jesus wants a selfish society
Over at Apologetics and Agape, there’s a fantastic video about how socialism teaches people to be selfish. The video suggests that if humans are given health, educational or financial support beyond the age of 21 (by either parents or society at large) we will selfishly believe we are entitled to support, and won’t work for ourselves.
To accept the narrative in the video you have to believe the worst about your fellow humans. You have to believe that people don’t have a natural desire to work, to be productive or to contribute to society. You have to believe that people on welfare are there because they are too selfish, lazy or stupid to do anything about their situation. You have to happily ignore the role of factors like poor education and discrimination in keeping people on the bottom rung of the ladder, in poverty, and patronisingly tell them it’s the meagre support they get from their government that is their only barrier to joining mainstream working society.
You have to ignore the evidence that turns the whole premise on its head, in that the countries with the most generous welfare systems have populations who want to work:
Europeans are more likely to want to work when their country’s welfare benefits system is more generous, according to a study.
The survey, which canvassed opinion from 19,000 people across 18 European countries, found a correlation between generous benefits and willingness to work even if the money wasn’t needed, and casts doubt on the notion that big welfare states are associated with widespread cultures of dependency and lack of incentive to work. (Newsweek)
But the thing that interests me most about this video is that it’s distributed by a Christian. Why would that be of any interest? Because Christians in the USA campaign without the slightest sense of irony for support for the poorest members of their own society to ripped away by their government. They campaign for Christians to earn as much money as they can in a capitalist society and then by individual deeds care for poorer members of society, but not allow a co-operative society to plan for provision of things like equal and free access to healthcare or equal and free access to education.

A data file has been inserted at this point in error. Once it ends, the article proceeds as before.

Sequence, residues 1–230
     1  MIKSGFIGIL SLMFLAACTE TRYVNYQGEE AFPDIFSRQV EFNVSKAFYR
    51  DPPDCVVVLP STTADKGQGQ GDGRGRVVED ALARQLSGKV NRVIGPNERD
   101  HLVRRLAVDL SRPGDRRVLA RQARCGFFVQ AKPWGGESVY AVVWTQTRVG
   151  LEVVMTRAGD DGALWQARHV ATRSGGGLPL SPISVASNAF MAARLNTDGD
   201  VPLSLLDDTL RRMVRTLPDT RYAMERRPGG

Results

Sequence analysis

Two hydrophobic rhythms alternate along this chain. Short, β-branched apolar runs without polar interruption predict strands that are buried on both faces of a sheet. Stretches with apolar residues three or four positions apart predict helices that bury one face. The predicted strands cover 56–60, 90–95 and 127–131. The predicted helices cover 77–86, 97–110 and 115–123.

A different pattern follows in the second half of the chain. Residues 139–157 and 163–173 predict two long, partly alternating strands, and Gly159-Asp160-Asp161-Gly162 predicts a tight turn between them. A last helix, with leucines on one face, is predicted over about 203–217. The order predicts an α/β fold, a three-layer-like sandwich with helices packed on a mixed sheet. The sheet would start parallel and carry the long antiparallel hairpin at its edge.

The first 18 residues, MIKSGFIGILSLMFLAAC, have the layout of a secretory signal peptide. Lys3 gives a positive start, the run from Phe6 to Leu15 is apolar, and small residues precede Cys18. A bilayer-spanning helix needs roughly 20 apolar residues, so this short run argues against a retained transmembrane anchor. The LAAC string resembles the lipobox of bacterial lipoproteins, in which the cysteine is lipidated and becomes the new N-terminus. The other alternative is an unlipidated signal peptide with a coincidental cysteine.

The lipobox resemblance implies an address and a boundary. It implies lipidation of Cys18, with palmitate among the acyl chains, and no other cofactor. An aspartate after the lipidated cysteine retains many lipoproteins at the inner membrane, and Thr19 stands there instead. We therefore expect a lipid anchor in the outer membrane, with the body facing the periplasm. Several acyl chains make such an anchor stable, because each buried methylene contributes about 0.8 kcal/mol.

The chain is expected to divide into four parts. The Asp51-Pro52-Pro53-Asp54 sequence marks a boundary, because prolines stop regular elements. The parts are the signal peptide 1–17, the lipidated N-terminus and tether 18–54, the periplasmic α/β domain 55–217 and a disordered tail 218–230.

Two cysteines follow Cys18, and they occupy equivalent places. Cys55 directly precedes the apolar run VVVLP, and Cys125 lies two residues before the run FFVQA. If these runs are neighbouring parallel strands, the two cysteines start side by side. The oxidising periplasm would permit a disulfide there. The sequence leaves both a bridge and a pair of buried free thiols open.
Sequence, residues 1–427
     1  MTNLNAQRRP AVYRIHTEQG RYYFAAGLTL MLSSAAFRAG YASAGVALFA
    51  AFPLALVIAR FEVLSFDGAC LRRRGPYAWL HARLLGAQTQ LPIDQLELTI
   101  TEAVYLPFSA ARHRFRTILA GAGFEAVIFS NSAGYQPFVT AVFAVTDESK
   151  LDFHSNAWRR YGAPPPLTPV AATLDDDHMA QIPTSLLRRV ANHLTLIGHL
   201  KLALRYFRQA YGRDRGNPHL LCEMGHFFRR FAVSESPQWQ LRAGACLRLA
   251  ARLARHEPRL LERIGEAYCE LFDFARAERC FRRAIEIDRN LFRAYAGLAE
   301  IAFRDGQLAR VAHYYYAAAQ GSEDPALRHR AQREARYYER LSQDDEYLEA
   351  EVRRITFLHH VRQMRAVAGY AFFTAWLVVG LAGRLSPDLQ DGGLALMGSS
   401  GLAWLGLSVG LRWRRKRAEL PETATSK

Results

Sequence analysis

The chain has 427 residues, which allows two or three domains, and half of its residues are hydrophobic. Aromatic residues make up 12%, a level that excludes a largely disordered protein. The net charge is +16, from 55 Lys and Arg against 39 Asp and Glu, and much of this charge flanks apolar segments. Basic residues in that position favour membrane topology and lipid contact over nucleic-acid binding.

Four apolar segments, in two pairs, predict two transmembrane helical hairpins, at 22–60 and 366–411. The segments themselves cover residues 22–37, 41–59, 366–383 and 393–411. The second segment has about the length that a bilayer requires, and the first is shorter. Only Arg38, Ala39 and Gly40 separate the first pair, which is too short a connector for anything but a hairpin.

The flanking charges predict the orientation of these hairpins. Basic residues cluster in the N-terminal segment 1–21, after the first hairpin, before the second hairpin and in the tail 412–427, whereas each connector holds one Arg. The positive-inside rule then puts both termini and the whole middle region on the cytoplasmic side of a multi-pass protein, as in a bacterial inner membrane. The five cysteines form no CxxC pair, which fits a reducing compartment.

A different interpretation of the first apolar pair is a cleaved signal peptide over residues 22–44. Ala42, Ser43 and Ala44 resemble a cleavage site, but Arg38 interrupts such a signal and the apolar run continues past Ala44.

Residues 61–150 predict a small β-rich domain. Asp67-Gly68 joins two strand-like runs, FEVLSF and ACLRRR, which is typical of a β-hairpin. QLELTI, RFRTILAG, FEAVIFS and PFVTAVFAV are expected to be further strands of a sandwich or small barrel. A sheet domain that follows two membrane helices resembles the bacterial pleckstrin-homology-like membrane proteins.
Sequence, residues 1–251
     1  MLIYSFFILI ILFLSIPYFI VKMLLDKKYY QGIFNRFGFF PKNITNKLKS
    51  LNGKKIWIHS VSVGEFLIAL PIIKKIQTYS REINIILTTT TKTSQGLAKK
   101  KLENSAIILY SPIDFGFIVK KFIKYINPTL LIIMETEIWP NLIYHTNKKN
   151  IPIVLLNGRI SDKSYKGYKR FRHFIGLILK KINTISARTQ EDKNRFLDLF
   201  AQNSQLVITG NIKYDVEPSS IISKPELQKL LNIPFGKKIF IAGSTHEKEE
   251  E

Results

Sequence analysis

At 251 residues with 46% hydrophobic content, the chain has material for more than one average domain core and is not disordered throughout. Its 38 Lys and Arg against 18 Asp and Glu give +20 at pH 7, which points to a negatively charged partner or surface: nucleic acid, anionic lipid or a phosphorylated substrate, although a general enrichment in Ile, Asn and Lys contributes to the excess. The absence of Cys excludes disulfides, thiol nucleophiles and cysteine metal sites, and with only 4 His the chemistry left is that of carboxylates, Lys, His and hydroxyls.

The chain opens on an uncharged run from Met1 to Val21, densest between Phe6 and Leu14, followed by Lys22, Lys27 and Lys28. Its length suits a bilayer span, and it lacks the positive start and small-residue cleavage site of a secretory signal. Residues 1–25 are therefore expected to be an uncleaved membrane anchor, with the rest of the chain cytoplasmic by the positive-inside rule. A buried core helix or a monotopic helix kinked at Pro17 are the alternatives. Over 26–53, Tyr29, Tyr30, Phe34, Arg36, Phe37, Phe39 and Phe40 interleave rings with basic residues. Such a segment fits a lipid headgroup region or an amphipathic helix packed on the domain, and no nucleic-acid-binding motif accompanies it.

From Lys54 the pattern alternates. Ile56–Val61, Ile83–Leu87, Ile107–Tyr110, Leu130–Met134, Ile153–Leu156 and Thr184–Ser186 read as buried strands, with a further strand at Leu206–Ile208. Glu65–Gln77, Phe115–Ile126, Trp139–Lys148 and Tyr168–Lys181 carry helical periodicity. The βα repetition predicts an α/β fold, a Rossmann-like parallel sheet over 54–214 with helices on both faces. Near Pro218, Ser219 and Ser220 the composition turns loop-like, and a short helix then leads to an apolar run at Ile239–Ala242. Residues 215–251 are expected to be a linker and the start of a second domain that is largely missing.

Where do we see these capitalist Christians living according to the words ascribed to their god, the character Jesus?
Go, sell everything you have and give to the poor, and you will have treasure in heaven. (Mark 10:21)
In this passage, Jesus is telling his followers to be selfish, to look to the bigger win. Because who would give money to the poor without hope of a reward? Who wants to pay tax dollars to a large system that can aim to equally distribute wealth and support to the poorest members of society, when you can pick and choose your favourite poor people to support?
Where do we see these capitalist Christians living according to the example of the earliest Christian communities, those who followed the example of the character Jesus most closely?
All the believers were one in heart and mind. No one claimed that any of their possessions was their own, but they shared everything they had. With great power the apostles continued to testify to the resurrection of the Lord Jesus. And God’s grace was so powerfully at work in them all that there were no needy persons among them. For from time to time those who owned land or houses sold them, brought the money from the sales and put it at the apostles’ feet, and it was distributed to anyone who had need. (Acts 4:32-35)
In these passages, we see the ultimate selfishness of the early Christians. By giving away all their possessions as Jesus commanded, they were creating a culture of dependency among the poor people of their communities. These poor people weren’t grateful for what they were given, but with the mind of every selfish welfare-dependent human in existence, they thought they were entitled to support and lost all drive to earn money for themselves.
Shame on selfish Jesus and shame on those selfish apostles!